SAN ANTONIIO, Texas – A San Antonio catholic woman on Saturday was ordained a deacon — and months later a priest — in an unsanctioned ceremony that she claims will usher her into the all-male priesthood of the Catholic Church.
Believed to be the first woman in Texas to take this step, Adele Jones is part of a growing movement by reform-minded Catholics pursuing for the hierarchy to reconsider its ban on female ordination.
Bridget Mary Meehan, a bishop in the Fort Myers, Fla.-based Association of Roman Catholic Women Priests, ordained Jones and three other women as deacons 3 p.m. on Saturday at St. Andrew United Church of Christ in Sarasota. The ceremony resembled the official Catholic liturgy, with a couple of exceptions: gender-sensitive names for God and no promises to obey Catholic bishops.
“We know we are disobeying an unjust law that discriminates against women,” Meehan said. “Just like the prophets of old and the leaders of the civil rights movement, we are not going to allow the Vatican and the institutional church to continue to discriminate.”
Jones’ determination came last July when the Vatican suggested female ordination was an offense comparable to pedophilia and punishable by excommunication. The Catholic Church sees the all-male priesthood as an unchangeable, time-honored custom central to preserving its sacraments and reflecting Jesus’ selection of male apostles to head the early expansion of the Christian faith. It also argues that nuns have been leaders with sizable ministries, and notes women may fill certain posts at parishes and other institutions.
“I am not angry. I’m saddened,” said Jones, once a fundraiser for Catholic Television of San Antonio. “I love my church. I have loved it since I was born. But it’s sad to see it self-destruct by what it’s doing to women.”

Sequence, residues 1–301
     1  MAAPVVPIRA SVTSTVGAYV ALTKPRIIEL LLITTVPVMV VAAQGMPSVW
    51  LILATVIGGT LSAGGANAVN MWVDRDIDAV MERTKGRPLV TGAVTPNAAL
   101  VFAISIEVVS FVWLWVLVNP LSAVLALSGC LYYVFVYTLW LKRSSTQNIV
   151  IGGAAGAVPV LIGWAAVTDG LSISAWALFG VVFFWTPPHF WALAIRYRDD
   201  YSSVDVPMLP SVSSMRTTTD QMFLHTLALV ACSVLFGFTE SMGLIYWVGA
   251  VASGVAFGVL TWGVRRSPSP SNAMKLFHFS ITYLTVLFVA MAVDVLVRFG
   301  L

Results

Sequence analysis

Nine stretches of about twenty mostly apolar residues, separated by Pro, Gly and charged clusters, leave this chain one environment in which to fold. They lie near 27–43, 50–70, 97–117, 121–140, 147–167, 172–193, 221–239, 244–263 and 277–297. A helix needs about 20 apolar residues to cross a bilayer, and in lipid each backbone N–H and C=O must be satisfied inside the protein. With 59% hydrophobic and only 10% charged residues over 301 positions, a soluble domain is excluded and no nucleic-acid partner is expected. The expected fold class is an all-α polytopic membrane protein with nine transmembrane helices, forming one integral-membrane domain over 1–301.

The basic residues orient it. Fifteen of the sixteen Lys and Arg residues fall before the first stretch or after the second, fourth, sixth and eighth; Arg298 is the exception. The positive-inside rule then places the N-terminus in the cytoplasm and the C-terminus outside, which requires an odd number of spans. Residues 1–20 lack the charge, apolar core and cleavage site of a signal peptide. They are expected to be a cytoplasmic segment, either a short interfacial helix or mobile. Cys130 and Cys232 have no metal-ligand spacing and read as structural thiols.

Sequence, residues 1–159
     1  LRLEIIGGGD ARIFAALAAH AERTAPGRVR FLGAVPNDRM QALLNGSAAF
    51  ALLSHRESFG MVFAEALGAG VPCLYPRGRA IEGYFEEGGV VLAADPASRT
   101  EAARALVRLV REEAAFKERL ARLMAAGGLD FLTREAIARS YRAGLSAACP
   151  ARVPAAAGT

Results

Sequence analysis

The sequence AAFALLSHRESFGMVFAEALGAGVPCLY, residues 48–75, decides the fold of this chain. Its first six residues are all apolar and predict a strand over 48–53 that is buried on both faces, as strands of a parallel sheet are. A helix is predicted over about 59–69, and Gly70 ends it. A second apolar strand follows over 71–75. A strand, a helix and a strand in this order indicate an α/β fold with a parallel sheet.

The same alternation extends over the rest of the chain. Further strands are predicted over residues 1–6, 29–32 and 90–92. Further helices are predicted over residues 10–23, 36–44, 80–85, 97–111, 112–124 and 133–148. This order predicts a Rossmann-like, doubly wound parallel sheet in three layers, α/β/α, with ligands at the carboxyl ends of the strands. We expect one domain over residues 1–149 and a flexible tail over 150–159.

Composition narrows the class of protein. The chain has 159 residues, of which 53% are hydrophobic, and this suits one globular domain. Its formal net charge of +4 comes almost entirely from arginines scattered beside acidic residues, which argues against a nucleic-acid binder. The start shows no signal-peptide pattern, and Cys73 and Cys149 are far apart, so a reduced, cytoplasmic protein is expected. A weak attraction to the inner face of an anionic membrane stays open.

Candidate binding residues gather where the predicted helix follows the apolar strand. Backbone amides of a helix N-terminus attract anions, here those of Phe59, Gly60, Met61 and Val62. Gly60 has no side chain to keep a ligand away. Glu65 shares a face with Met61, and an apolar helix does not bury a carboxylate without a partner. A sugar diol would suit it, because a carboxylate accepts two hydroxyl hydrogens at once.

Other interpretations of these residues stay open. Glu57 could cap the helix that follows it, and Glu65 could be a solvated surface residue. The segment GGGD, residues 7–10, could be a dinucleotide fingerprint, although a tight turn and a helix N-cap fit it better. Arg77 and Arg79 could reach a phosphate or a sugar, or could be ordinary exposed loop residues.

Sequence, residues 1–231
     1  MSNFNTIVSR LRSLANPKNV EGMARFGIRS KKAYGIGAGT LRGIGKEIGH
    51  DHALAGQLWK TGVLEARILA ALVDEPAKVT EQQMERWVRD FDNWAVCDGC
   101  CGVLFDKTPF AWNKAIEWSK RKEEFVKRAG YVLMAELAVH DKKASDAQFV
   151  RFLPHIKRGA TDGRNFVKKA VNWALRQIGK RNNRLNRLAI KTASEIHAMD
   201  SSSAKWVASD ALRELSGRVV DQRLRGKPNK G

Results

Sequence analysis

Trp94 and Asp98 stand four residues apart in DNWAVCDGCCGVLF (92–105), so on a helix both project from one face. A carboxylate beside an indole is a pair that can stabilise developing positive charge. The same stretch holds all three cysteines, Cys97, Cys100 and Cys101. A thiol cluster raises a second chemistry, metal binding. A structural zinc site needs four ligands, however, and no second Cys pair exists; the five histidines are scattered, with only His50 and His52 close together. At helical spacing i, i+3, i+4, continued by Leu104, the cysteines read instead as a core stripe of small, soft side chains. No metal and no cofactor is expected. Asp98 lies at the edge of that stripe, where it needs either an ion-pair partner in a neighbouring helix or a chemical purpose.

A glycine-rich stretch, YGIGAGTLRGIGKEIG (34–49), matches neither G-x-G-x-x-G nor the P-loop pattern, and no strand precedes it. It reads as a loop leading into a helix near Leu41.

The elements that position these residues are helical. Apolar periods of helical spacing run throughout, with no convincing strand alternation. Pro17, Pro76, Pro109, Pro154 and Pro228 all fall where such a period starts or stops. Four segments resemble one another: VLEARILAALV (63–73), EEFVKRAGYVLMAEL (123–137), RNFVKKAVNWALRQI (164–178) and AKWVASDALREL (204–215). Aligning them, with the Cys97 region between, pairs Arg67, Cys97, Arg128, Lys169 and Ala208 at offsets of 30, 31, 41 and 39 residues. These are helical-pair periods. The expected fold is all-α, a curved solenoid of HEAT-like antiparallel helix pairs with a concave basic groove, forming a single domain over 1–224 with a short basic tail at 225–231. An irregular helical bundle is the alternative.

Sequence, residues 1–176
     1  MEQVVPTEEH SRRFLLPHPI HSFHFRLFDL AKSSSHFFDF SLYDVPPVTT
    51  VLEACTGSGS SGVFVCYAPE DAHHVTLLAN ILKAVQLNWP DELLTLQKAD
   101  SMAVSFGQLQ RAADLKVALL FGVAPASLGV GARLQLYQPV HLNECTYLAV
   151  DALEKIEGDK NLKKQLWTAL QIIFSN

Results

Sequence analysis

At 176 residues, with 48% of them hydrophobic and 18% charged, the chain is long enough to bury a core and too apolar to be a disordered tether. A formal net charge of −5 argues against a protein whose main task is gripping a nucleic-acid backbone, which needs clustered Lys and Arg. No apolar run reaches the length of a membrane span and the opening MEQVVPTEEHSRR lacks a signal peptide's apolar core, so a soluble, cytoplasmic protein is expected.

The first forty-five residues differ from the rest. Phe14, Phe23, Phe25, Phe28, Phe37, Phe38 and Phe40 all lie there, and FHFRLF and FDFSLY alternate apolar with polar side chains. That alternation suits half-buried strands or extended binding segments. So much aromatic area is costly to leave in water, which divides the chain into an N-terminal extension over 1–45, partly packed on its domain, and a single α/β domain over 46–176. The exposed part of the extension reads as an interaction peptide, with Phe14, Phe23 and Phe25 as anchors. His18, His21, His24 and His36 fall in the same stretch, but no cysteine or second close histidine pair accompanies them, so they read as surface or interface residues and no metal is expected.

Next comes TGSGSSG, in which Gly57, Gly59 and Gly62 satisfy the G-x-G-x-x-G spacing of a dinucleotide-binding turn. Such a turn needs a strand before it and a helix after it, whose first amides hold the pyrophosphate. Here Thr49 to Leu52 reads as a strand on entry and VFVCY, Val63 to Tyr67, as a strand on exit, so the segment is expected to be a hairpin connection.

In 2002, this debate intensified when seven women claimed to have been validly ordained aboard a boat on the Danube River as Catholic priests, and later they were excommunicated. However, today, leaders in this movement report an estimated 120 women worldwide are candidates or already ordained.
Jones and like-minded advocates maintained that rank-and-file Catholics are on their side. In a poll last year by the New York Times and CBS, 59 percent of U.S. Catholics favored letting women become priests, with 33 percent opposed.
At 83, Jones enjoys a carefree lifestyle at her independent-living apartment, reading novels in a rocking chair, catching Masses in a chapel down the hallway and scheduling shuttle service for jaunts across San Antonio. She said the Catholic Church was her rock. Her life will soon be getting hectic.
She envisions a ministry for Catholics in alternative lifestyles and from other marginalized communities, once she became a priest. She will present herself as a Catholic priest, performing funerals and weddings. She’ll baptize converts. And she’ll consecrate hosts into the actual presence of God — the core Catholic belief she said really is at stake in this battle.
Meanwhile, the San Antonio archdiocese declined comment, citing a lack of information on Jones’ case.
Mfrances is a staff writer for CatholicFavors.com that deals high quality Catholic related jewelry including affordable baptism gifts, First Holy Communion gifts for boys and girls, and the Key of Heaven rosary collection.